Sunday, April 12, 2015

Hannah Reynolds will never be remembered like Jennie Wade, but this is a start

Jennie Wade, of course, is remembered and memorialized for being the only civilian casualty resulting directly from the Battle of Gettysburg. Had she been one of dozens who died in the battle, it's not likely that her name would be as well known as it is. There is something about "the only" designation that excites the imaginations of American textbook writers and tourism directors—unless the only in question a member of one of America's forgotten underclasses. In that case, a few more years may pass before notice is taken.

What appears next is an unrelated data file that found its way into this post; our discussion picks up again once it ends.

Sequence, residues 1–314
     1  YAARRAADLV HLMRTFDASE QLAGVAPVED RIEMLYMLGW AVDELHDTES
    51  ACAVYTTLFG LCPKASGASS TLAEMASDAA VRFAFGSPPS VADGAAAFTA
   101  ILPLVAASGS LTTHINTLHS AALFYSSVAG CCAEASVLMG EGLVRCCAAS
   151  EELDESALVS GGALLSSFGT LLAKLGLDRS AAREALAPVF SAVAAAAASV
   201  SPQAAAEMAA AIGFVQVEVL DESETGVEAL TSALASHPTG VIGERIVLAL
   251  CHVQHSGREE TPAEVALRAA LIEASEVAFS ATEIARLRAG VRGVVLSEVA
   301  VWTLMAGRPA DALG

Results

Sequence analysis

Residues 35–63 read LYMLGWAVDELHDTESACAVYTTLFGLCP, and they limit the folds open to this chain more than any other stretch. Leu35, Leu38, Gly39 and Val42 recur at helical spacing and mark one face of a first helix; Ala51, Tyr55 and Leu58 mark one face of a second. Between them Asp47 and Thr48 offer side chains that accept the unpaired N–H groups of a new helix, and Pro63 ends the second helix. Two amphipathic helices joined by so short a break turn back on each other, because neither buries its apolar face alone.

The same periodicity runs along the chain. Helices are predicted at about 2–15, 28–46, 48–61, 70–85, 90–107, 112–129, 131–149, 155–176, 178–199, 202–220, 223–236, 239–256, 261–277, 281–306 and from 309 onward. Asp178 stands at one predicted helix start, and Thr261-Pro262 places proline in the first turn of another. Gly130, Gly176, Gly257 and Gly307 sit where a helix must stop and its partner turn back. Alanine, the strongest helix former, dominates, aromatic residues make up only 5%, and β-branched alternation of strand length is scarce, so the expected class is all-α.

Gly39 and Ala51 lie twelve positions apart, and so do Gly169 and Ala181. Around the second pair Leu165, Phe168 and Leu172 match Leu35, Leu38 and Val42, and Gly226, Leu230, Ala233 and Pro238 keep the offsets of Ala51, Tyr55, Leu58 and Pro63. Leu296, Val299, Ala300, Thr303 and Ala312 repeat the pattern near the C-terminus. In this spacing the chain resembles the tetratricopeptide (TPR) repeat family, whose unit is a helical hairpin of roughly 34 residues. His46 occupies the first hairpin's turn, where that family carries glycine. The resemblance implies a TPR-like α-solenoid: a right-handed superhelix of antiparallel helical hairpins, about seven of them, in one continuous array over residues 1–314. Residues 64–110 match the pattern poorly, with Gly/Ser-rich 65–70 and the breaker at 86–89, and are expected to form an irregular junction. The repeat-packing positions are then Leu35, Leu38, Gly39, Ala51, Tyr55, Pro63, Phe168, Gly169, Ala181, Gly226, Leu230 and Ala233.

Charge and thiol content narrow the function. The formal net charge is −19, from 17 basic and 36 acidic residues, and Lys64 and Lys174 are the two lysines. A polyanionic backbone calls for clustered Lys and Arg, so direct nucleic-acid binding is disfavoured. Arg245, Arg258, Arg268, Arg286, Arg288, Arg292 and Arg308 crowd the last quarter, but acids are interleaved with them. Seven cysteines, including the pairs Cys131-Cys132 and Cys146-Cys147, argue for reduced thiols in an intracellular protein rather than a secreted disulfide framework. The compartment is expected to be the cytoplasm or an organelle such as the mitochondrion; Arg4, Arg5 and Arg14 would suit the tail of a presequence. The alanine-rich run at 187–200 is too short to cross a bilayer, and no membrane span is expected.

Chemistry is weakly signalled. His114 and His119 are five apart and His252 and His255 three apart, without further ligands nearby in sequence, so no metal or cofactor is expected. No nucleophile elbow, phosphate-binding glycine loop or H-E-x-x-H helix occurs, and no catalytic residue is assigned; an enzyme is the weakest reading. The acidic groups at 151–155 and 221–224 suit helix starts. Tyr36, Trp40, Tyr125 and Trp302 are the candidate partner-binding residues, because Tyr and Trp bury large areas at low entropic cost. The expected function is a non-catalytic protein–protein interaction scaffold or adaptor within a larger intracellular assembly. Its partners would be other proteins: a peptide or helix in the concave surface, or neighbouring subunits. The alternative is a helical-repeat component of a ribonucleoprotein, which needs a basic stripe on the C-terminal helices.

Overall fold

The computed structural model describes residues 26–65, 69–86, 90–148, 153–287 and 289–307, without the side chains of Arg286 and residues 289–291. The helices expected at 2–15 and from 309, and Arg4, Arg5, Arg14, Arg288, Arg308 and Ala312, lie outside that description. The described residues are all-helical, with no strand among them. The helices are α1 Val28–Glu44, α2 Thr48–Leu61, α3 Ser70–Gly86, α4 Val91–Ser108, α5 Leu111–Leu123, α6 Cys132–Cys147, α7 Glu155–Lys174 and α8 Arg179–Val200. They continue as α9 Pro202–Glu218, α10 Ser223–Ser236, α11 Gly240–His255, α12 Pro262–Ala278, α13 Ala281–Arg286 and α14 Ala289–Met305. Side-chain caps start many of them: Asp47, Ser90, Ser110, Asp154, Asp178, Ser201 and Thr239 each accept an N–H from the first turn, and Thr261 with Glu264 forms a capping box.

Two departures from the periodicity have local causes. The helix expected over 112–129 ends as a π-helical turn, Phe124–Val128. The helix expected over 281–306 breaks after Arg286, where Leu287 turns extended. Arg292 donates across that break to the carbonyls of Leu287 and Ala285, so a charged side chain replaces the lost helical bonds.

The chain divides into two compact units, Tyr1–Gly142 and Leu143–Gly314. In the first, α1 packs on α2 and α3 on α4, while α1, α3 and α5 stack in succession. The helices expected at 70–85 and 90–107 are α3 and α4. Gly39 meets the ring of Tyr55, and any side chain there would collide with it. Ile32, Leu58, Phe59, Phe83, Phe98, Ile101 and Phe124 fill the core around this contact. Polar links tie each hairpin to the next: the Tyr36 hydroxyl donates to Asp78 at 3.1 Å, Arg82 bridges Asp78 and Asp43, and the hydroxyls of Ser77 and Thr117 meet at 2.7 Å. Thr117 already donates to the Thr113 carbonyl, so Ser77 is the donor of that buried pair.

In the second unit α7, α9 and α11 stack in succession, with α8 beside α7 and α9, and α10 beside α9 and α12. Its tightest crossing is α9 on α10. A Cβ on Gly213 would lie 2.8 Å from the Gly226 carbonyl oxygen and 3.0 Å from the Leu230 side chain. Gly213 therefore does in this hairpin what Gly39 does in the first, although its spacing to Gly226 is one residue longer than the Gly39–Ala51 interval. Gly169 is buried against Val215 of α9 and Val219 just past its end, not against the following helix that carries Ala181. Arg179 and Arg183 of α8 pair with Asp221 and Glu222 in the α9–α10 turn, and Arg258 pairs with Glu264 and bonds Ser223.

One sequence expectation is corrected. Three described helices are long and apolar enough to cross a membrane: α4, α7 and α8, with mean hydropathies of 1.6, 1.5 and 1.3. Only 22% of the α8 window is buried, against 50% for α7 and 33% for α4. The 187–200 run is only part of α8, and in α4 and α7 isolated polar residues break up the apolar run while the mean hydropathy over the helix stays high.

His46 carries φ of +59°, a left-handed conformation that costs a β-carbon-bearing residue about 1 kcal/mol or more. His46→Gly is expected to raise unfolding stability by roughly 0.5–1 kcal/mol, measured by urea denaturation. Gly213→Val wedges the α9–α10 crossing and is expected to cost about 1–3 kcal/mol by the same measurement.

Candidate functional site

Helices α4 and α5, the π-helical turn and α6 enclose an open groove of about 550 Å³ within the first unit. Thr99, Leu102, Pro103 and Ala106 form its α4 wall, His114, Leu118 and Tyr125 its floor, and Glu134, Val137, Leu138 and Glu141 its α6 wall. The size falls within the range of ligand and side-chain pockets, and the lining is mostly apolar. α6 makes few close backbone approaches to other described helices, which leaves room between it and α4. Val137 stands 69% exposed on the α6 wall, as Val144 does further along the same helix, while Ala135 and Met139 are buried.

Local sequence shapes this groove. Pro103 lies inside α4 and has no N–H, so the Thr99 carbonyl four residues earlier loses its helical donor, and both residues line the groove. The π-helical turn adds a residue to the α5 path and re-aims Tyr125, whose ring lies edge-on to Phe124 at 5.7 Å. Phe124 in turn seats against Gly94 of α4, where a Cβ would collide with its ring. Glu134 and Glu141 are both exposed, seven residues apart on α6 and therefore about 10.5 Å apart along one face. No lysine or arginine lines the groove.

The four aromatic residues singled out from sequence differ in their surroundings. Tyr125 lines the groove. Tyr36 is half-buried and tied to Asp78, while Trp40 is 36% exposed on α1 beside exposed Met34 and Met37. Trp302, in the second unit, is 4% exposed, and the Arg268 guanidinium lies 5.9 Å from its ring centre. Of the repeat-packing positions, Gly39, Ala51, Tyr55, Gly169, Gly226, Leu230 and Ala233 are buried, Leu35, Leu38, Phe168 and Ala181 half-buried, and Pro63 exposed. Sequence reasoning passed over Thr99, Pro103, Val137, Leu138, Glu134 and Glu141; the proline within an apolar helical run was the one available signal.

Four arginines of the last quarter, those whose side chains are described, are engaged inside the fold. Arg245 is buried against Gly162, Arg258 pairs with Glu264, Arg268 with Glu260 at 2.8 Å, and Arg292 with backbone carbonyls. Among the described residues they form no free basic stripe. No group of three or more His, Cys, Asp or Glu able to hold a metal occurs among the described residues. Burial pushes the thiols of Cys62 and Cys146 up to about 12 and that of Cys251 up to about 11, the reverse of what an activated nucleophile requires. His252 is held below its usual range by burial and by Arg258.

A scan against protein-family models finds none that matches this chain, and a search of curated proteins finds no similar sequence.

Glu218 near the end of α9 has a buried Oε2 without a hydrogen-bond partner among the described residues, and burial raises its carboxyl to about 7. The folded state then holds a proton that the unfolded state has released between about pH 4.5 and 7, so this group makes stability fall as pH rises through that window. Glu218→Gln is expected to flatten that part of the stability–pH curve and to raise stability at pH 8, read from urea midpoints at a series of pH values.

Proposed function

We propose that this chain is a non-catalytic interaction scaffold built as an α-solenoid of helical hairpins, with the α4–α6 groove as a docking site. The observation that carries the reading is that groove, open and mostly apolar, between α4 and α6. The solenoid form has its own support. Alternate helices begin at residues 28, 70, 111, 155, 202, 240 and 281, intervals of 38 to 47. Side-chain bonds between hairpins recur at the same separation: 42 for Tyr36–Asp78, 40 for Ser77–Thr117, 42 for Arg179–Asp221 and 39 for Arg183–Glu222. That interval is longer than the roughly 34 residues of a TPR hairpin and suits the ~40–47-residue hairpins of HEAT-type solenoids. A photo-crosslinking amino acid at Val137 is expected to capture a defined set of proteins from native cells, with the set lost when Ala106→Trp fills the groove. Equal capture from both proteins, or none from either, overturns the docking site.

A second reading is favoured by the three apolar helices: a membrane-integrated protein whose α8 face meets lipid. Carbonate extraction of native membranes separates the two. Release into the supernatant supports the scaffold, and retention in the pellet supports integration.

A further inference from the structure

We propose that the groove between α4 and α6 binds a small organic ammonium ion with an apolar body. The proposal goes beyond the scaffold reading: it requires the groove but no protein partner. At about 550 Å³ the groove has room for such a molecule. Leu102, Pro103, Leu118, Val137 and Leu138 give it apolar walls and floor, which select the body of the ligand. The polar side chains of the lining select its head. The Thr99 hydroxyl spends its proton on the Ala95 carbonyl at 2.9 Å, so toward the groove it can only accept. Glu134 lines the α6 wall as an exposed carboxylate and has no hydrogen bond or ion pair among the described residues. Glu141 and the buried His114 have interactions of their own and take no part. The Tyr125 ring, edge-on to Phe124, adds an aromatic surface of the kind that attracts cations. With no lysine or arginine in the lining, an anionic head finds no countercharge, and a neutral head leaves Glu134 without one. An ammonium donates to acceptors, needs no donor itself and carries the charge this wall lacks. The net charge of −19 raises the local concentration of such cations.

Case in point. . .
In 1865, Reynolds was a slave in the household of Samuel Coleman in the Virginia village of Appomattox Court House. And as Union and Confederate troops fought the Battle of Appomattox Court House on April 9, 1865, a cannonball tore through the Coleman house (All Things Considered).

Read the full story here, and listen to the All Things Considered podcast (3 minutes, 30 seconds).

(Library of Congress)

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